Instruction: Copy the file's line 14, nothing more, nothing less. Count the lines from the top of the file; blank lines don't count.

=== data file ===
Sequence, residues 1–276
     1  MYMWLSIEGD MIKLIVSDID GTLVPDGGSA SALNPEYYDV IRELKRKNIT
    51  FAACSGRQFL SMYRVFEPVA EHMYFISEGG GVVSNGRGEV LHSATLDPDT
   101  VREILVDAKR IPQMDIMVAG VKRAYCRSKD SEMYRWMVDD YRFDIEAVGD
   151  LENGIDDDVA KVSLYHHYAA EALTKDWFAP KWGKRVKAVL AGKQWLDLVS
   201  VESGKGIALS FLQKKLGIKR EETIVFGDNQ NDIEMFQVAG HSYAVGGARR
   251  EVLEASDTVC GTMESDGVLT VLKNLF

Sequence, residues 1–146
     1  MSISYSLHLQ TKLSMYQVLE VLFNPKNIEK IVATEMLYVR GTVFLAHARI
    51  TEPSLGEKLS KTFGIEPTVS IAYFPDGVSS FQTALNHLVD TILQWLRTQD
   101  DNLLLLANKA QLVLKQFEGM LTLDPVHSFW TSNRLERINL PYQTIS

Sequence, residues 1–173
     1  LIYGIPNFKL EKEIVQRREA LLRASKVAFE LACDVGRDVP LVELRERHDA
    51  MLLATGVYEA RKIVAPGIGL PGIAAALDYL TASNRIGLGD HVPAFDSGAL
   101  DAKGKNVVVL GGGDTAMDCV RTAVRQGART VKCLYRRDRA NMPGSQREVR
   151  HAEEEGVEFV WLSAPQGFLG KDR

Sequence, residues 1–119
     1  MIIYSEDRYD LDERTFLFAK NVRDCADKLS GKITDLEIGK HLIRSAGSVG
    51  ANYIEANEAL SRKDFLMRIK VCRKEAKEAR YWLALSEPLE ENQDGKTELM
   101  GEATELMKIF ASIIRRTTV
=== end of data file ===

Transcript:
    51  MLLATGVYEA RKIVAPGIGL PGIAAALDYL TASNRIGLGD HVPAFDSGAL